Promise to Jordan holding unique event to battle addiction
Updated: Jan 8
Make A Promise: Understanding Substance Use Disorders
Monday, Nov. 18 — 1:30-4:30 p.m.
Simsbury High School
FREE — for all ages
• SEE STORY BELOW
On June 30, 2018, Simsbury resident Jordan Arakelian died from an accidental heroin and fentanyl overdose. He was just 24 years old. He and the 1,000-plus other Connecticut residents who lost their lives to substance use disorders last year had a family and friends who loved them, a bright future, and so much talent and compassion to offer the world, but it was cut short by the disease of addiction.
Accidental overdose is now the leading cause of death for Americans in his age group, those under 50. Americans are now more likely to die of an accidental overdose than in a car crash.
A month after Jordan’s death, A Promise to Jordan was born. The nonprofit works to raise awareness and eliminate the stigma of addiction and mental health disorders, to assist people in accessing quality care, and to give hope that recovery is possible for those struggling with the disease of addiction.
A Promise to Jordan also works to prevent substance use disorders before they start. On what would be Jordan’s 26th birthday, Nov. 18, 2019, A Promise to Jordan will hold a unique event — Make A Promise: Understanding Substance Use Disorders — on the field at Simsbury High School. This will be a first-of-its-kind event to be held on the grounds of a Connecticut school, according to the nonprofit.
A Promise to Jordan works to prevent substance use disorders before they start.
The goal will be to reach young people before they are in the grips of addiction and help them realize that, contrary to what they may believe, it is happening in every community, in every school, and in many families every day in America.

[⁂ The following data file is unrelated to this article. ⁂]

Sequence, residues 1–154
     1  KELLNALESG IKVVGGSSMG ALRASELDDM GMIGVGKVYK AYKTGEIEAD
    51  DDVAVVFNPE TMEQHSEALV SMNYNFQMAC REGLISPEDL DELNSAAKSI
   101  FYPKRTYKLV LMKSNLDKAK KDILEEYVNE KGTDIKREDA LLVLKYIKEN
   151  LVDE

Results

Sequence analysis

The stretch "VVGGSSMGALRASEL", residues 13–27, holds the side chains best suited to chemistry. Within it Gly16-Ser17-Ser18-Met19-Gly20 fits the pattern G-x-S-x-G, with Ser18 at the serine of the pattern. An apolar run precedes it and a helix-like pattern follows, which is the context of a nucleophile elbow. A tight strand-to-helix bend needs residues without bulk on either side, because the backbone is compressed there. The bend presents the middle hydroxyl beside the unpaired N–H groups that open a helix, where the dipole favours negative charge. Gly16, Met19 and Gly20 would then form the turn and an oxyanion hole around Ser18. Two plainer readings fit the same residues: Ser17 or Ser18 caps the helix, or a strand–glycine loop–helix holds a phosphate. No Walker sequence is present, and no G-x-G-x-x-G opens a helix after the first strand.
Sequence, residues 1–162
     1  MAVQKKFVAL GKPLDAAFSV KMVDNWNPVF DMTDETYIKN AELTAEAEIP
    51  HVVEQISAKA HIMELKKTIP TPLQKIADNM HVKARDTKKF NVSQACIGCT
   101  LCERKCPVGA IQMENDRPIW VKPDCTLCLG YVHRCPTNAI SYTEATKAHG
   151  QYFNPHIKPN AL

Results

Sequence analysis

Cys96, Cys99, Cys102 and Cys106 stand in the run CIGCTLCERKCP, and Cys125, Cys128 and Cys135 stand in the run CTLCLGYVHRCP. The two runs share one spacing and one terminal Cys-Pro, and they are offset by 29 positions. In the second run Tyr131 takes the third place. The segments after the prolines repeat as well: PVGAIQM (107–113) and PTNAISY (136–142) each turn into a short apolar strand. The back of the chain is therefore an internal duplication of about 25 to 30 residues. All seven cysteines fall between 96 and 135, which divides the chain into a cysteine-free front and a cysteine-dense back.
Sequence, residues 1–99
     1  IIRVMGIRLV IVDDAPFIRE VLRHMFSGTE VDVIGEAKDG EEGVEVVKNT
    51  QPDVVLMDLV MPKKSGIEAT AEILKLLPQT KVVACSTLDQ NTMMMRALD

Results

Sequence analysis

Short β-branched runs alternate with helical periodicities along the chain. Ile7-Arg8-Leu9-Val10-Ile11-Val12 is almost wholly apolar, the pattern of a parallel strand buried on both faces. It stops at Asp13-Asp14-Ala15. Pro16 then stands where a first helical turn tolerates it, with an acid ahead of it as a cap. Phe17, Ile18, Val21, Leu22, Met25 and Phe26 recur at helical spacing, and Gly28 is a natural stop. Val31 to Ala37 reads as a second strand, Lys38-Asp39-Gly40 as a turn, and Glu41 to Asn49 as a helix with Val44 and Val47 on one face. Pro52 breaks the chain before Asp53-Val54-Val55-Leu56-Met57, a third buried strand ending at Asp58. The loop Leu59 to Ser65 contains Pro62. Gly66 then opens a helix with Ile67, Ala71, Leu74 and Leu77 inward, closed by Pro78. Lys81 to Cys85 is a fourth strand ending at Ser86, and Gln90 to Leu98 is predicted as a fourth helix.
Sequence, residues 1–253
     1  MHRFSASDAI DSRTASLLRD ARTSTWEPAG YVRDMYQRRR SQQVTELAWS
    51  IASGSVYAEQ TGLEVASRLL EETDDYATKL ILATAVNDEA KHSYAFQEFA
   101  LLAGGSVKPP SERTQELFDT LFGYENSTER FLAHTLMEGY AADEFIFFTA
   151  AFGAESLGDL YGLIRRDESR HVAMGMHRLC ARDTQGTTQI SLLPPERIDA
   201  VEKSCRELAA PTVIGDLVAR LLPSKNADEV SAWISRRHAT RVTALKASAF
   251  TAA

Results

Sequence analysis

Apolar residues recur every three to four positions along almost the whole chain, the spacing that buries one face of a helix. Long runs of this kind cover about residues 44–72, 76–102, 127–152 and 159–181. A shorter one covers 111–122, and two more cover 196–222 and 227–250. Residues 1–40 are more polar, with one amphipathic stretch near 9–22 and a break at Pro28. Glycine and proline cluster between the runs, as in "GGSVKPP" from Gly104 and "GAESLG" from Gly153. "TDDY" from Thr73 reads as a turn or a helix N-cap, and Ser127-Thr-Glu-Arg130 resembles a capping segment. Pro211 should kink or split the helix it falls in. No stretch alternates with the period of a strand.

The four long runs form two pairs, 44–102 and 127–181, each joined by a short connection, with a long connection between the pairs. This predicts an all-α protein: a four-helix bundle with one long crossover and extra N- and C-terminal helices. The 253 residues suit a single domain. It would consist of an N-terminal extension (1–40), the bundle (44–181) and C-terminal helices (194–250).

On Jan. 21, 2016, Tim Lally, a resident of Ellington, Conn., died of a heroin overdose at the age of 29. Shortly thereafter, his father John began the memorial project that would change the face of addiction throughout Connecticut.
He started by putting his son’s picture on a 2’ x 3’ poster board, along with the name of the town he was from and two words that he felt best described his son: Artist and Musician. He then extended the offer to family members of others lost to addiction to make a poster to memorialize their loved ones.
The project has now grown to over 360 posters of beautiful faces from 36 states that John displays at various events throughout New England to showcase the impact of addiction on families and communities. It is both an impressive and moving display.
Over 150 of these memorial posters are of people from Connecticut, and they will be on display on the field at Simsbury High School in an effort to drive home to students the horrific and often permanent consequences of illegal and irresponsible alcohol and drug use.
The event (see details above) is free of charge and is open to everyone, not just Simsbury High students. A Promise to Jordan hopes to attract students by offering music, food trucks and activities that will engage them while conveying the important message that addiction does not discriminate and can happen to anyone.
More info — email@example.com • 860-305-0605 • www.apromisetojordan.org
Contributor — A Promise to Jordan